Life is a reason to get better

Not I would be surprised if people who know me from press publications only see me as an eternally unruffled, work-weary workaholic. But I'm ready to reveal a small secret to the Russian Pioneer readers: I'm terribly lazy. My cherished dream is to sleep once 10-12 hours in a row. And there are no words to describe the great temptation to fine-tune the brains of an intractable opponent with an accurate uppercut!

Strictly speaking, when asking a Buddhist what a temptation is, you should be ready for a long and very interesting lecture. And it's not that this is a very complex issue, on the contrary, it's very simple. But the fact of the matter is that it's quite difficult to explain a simple one at times.

Perhaps the French philosopher Jean Baudrillard was the first among Europeans to understand the Buddhist meaning of temptation: "Everything is a temptation, and there is nothing but temptation." Something like that. The ultimate goal of any Buddhist is the attainment of Nirvana. To do this, we must realize that the whole world is an illusion and get rid of dukkha. This word is usually translated as "suffering", but it would be more correct to consider it as the whole complex of negative emotions. There is fear and envy and a sense of inferiority. Yes, there are many. Dukkha is generated by Trishna, which is a craving for anything: material values, sensual pleasures, fame, prestige, etc.

So, it turns out that whether you look at a beautiful girl or going to buy a shawarma or plan a career, all these are temptations that distract you from achieving Nirvana. Therefore, Buddhist (and, incidentally, Christian) monks try to retire from the world and its temptations.

Very simple. But not very sensible. Not everyone is ready for renunciation of worldly life, and even the Buddha himself taught that a person should adhere to the middle path, equally avoiding excesses and austerities. Try to solve this puzzle: how to avoid temptations and achieve Nirvana.

Buddhism teaches that it takes 108 lives to attain Nirvana. They are given to a person so that he can earn the right Karma. In the current life, every step, every act of yours is important. The right, good deeds lie on one scale, the evil ones lie on the other. Let's say that in this life you are given the ability to attract money but you use it only for yourself, treating your equals and subordinates like dirt: welcome to the next life, like Vysotsky sang, as a baobab.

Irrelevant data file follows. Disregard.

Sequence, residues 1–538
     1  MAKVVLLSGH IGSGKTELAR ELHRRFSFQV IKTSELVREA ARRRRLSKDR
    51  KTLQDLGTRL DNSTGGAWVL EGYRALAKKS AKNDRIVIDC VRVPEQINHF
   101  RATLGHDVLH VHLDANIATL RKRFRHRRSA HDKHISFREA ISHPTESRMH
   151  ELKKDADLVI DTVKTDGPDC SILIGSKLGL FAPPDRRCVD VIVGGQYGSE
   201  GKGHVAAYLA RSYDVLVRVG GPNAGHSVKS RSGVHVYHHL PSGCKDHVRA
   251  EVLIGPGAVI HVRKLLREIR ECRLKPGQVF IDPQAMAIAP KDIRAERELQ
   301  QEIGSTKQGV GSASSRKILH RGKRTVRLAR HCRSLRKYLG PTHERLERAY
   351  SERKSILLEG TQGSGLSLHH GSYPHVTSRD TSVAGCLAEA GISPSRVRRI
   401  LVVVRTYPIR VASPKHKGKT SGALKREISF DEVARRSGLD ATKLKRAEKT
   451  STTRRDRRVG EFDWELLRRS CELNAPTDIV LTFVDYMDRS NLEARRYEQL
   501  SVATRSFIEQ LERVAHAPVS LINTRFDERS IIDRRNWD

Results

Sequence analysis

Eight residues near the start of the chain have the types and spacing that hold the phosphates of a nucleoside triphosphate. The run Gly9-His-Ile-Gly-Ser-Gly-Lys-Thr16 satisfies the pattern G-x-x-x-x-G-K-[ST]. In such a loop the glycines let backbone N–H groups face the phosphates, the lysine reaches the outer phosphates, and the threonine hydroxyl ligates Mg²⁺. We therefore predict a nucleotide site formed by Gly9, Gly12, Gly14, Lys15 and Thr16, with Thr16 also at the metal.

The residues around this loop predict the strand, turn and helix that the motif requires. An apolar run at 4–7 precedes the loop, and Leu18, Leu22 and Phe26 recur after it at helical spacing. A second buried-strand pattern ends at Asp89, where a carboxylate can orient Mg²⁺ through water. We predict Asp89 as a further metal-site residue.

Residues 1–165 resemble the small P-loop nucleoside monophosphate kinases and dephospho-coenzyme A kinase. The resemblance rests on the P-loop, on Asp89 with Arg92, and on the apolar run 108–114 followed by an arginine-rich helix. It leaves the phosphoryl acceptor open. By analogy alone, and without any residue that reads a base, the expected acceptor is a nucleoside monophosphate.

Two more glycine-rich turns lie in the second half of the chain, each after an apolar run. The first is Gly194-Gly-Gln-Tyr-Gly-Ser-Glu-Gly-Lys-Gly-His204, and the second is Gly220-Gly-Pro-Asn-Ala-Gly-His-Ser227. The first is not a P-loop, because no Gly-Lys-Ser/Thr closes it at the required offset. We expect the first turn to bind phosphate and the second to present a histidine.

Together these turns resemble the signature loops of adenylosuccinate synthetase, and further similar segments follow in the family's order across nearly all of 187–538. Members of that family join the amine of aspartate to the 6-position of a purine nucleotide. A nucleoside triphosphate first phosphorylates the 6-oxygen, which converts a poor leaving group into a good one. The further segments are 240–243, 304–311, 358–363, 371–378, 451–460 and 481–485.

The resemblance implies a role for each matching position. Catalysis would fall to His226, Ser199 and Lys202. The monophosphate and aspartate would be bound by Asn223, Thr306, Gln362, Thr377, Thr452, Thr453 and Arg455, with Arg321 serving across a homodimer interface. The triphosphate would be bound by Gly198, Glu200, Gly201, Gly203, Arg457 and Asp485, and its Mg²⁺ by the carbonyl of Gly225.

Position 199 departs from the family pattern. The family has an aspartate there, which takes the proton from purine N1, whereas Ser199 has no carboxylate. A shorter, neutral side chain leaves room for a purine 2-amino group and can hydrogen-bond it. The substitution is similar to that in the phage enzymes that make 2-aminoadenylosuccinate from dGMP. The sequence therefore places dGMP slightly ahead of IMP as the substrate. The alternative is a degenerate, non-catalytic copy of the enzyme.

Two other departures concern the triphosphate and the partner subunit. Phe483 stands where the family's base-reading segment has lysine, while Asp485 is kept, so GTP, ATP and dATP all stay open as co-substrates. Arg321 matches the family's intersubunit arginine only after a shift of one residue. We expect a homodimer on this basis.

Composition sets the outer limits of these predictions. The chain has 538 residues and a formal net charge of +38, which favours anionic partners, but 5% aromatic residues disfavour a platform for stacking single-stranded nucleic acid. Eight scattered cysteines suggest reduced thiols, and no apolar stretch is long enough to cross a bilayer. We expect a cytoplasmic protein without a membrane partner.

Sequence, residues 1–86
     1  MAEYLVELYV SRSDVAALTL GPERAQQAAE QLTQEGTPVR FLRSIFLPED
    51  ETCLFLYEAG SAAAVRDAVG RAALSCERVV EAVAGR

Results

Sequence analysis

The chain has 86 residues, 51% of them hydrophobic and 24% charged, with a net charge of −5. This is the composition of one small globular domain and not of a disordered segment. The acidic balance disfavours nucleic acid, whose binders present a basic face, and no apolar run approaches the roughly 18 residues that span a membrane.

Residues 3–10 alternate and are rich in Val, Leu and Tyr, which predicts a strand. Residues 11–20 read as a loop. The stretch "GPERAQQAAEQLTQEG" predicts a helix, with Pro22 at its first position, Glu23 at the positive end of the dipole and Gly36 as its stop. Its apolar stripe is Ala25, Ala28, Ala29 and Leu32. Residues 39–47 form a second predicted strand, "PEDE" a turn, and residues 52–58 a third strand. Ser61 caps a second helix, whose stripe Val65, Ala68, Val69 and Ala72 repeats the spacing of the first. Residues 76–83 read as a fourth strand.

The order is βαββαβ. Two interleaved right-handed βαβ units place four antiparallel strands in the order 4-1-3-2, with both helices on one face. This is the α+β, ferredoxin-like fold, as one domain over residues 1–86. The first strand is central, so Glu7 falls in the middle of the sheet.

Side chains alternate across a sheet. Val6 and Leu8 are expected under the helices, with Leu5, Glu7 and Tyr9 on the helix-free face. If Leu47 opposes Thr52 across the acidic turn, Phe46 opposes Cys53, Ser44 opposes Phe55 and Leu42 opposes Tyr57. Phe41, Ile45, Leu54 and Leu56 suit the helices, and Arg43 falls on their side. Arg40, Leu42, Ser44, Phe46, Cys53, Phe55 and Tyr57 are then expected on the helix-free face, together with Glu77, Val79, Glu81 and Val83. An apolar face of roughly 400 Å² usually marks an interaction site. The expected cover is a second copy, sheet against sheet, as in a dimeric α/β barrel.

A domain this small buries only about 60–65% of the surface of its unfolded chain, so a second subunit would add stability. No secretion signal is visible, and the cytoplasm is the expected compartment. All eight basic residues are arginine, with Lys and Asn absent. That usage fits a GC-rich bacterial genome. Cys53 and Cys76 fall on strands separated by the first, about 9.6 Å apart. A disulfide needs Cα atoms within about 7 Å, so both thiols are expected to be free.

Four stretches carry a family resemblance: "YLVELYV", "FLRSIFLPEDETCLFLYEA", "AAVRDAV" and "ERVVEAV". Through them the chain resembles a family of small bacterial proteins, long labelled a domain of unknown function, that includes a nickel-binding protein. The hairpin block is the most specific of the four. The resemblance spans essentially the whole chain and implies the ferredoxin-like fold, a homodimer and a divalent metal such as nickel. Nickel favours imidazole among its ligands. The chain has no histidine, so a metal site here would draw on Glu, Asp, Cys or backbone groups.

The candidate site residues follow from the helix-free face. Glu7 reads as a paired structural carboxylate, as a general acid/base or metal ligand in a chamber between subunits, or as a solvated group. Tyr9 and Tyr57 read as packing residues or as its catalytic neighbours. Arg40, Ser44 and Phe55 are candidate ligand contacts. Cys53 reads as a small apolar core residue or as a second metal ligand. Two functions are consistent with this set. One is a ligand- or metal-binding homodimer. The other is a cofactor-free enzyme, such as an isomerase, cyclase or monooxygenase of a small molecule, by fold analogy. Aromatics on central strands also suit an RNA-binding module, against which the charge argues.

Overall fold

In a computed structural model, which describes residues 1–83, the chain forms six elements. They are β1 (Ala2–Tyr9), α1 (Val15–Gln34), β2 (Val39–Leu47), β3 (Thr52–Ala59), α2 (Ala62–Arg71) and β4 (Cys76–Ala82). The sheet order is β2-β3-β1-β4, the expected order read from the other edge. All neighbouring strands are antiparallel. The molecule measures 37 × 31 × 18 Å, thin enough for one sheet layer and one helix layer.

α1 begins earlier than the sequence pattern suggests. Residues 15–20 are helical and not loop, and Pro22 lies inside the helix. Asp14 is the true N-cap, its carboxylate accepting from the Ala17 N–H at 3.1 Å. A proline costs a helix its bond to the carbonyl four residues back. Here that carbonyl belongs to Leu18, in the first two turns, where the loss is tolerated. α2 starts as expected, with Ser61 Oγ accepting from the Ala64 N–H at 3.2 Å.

Therefore, we should evaluate each our step from Karma point of view: even though you have one hundred eight lives, you cannot change any of them. It is impossible to go back or rethink the move. While some Power high above watches.

On the other hand, not everything is so sad. Life itself gives us clues about how to deal with this or that case, how to treat what has been sent down to us. I will give an example from personal experience.

I've been playing chess since I was five years old, and it happened so that I almost always turned out to be relatively stronger player among my peers and older people. I won street, regional and city tournaments but I didn’t care much about it. But when I became the champion of the republic as a ninth grader, something triggered inside me. It's a shame to say, but I thought that, as they say, "I grabbed God by the beard." On the night after the victory, I could not get to sleep for a long time: I dreamt of all-Union and even international championships, which I invariably won. Well, dreaming further, I saw carpet paths, inevitable fanfares and laurels.

In the morning, I went to school and, just before I entered the classroom, someone shouted: "Cheer the champion! Hurray!!!" No sooner had I come to my senses than they picked me up and started throwing me to the ceiling. Here it is, glory! But then the teacher entered the classroom and my fans ran to the desks. It happened like in the saying: I was thrown up three times and caught twice. I crashed to the floor, barely having time to think that the end to my glory and my life has come.